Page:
Asha and the Spirit Bird

Publisher: Chicken House

Review

Asha’s life on her parents’ farm in the foothills of the Himalayas would be perfect – if only her father could be there with them. He works in a factory in a far-off city, sending money home, because the farm doesn’t pay enough for them to live on. But then one day, the money stops. Inspired by the spirit of her grandmother in the form of a lamagaia bird, Asha decides to set off on a dangerous journey, to find her father and bring him home before money-lenders make them penniless.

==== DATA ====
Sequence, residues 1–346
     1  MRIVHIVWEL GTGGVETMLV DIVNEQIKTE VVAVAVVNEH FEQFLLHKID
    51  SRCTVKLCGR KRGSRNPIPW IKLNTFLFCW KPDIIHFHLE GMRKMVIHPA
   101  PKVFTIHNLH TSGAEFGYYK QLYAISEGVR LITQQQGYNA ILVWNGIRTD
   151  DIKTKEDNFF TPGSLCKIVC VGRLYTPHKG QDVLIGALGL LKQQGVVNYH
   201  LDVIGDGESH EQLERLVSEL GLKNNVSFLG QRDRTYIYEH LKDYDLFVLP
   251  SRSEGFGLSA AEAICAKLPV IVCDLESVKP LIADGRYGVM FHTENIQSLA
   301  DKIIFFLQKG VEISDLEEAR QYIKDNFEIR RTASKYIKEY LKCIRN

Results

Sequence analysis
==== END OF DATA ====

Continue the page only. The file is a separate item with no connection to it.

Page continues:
Throughout this warm, comforting story, religious faith and spiritual beliefs provide an anchor for Asha. Animals protect her, and seem to be filled with the spirits of her beloved dead. Although the story explores some dark and terrible truths about the vulnerability of the poor in India, it manages to do so with a constantly reassuring tone. Asha and her friends face slave labour and exploitation, but magical help, human kindness and faith get them through all dangers, and the final ending is as perfect as any fairy tale. Despite some dark subject matter, this book would therefore be suitable for most younger readers.

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